Review: The Mage In Black

Posted: June 27, 2011 by in Books We Don't Like (2/5 single_star) Meta: Jaye Wells, Urban Fantasy, Books for Chicks

She’s a “shoot first and ask questions later” half-vampire with assassin skills, trust issues, and who must learn the magic inherited from her mage father in order to unite the dark races.


If you’ve read your share of chick urban fantasy, THE MAGE IN BLACK (Amazon) is more of the same. Unfortunately, it’s not even average more of the same. Perhaps I should start with what it has going for it: straightforward storytelling and fast-paced action. What it doesn’t have going for it? Everything else.

It starts off with Sabina, our kick-butt heroine, arriving in New York after leaving the good graces of her vampire queen grandmother in RED-HEADED STEPCHILD (Amazon). She’s on her way to meet her long-lost twin sister, she’s unsure what’s going to happen, how she’s going to make a living, whether she should kiss Adam the mage again—and of course they’re attacked en route. Gotta shake things up early! Cuz, you know, otherwise people might get bored with the predictable story. Also, make sure to keep it snappy and distracting enough so that readers won’t catch on that there’s little point to the opening violence to the plot as a whole.

For Sabina, once she arrives in New York, things don’t seem to get any better. The mage council doesn’t trust or approve of her. Maisie, her bubbly twin sister is too busy being the mage council figurehead and resident prophetess to bother getting to know her own sister. Adam the potential love interest spends most of the book MIA, absent on an important mission to the Fairy Queen—because the mage council has convened to decide whether they should go to war with the vampires and the mages are going to need all the help they can get.

Often a reader will be forgiving to predicable plots, mediocre prose, and simplistic world-building if the characters are worth caring about. Unfortunately, not even the main character escaped secondary-character syndrome: shallow stereotypes, without even much detail to add depth. Sabina’s first-person PoV emotional baggage was clunky and hard to sympathize with, especially since her decisions were inconsistent. She’s supposed to be a well-trained assassin, right? Yet she’s always caught off-guard by attackers, will find herself without a weapon during a fight, and goes broke when her funds are frozen by her grandmother’s organization… even though she had plenty of time to withdraw emergency cash. The secondary characters are, for the most part, flat and uninteresting. What are these peoples’ motives? Where do they come from? Why are they here? What do they like to eat/drink/wear/drive? Anything beyond the existing sparse details would have helped.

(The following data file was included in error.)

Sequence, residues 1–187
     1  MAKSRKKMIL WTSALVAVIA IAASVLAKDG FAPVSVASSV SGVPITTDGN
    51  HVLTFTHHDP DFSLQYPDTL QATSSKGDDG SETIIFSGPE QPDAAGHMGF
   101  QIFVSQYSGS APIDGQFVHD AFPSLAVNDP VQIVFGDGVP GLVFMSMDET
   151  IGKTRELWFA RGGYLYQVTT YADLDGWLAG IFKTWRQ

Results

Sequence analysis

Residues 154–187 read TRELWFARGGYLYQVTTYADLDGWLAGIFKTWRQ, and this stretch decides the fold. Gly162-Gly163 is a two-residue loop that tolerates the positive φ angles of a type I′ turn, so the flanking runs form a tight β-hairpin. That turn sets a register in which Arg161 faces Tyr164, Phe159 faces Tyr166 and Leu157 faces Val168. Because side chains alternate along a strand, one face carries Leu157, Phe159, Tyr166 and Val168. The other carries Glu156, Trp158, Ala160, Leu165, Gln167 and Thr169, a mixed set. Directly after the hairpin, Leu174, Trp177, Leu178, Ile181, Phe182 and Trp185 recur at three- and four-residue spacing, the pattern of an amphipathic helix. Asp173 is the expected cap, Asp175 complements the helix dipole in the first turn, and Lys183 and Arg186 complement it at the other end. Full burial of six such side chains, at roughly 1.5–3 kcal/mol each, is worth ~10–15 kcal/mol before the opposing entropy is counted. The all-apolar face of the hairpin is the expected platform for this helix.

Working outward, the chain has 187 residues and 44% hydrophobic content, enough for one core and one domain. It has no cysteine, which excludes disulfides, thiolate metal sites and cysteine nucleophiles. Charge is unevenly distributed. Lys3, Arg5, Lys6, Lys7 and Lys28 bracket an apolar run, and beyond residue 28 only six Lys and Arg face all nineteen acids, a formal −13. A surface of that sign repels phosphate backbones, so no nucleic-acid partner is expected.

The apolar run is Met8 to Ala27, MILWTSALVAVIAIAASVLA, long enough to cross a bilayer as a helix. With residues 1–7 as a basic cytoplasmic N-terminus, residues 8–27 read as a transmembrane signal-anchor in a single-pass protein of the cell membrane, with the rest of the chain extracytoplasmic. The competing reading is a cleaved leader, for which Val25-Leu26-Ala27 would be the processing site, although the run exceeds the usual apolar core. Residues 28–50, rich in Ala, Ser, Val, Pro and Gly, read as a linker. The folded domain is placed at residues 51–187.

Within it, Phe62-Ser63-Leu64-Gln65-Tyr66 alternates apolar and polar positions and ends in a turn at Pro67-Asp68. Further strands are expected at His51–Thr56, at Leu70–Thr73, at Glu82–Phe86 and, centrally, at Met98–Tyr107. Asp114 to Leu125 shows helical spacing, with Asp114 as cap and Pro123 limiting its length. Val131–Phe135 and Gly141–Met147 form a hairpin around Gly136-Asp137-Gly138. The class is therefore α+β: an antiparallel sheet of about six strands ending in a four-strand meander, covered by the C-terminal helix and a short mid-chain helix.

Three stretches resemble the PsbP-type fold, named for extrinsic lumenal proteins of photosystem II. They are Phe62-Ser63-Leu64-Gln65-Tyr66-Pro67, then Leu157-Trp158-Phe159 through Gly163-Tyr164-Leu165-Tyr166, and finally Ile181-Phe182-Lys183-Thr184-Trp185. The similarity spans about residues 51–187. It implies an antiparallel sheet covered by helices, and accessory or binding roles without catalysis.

THE MAGE IN BLACK a half-vampire with assassin skills, trust issues, and who must learn the magic inherited from her father to unite the dark races.

Something that could have boosted character personality? Dialogue. However, there was nothing to differentiate one set of quotes from another, including the main character’s. Even then, the dialogue had no personality, was cliche, and did little other than awkwardly propel the plot forward.

One thing that could have really been cool was Sabina’s demon familiar Giguhl, but the demon wasn’t anything more than a sidekick for comic relief, whose origins, magic, and abilities aren’t given more than basic information. In fact, I had a hard time seeing him as anything other than a strange-looking, sex-obsessed guy who happened to be able to shapeshift into a cat, and who’s got some nasty street-fighting skills (how convenient).

The mage magic was traditional and dull—can’t they do more than “throw” a magic force to attack with? Anything? It wasn’t much different than Giguhl’s magic, now that I think of it… A more imaginative effort might have really added some punch. And speaking of fight scenes, they left me uninspired. Well, the opening sequence was pretty good, I’ll grant that, but it appears that the author’s imagination was used up for that scene, because the climax lacked a real sense of peril, purpose, and anything interesting. Then, we get stuck with no resolution and a cliffhanger. Yippee.

  • Recommended Age: 17+
  • Language: Scattered profanity, but not lots
  • Violence: Yes, there are vampires and werewolves and demons, so there's blood and pain
  • Sex: Lots and lots of innuendo, references, and one graphic scene

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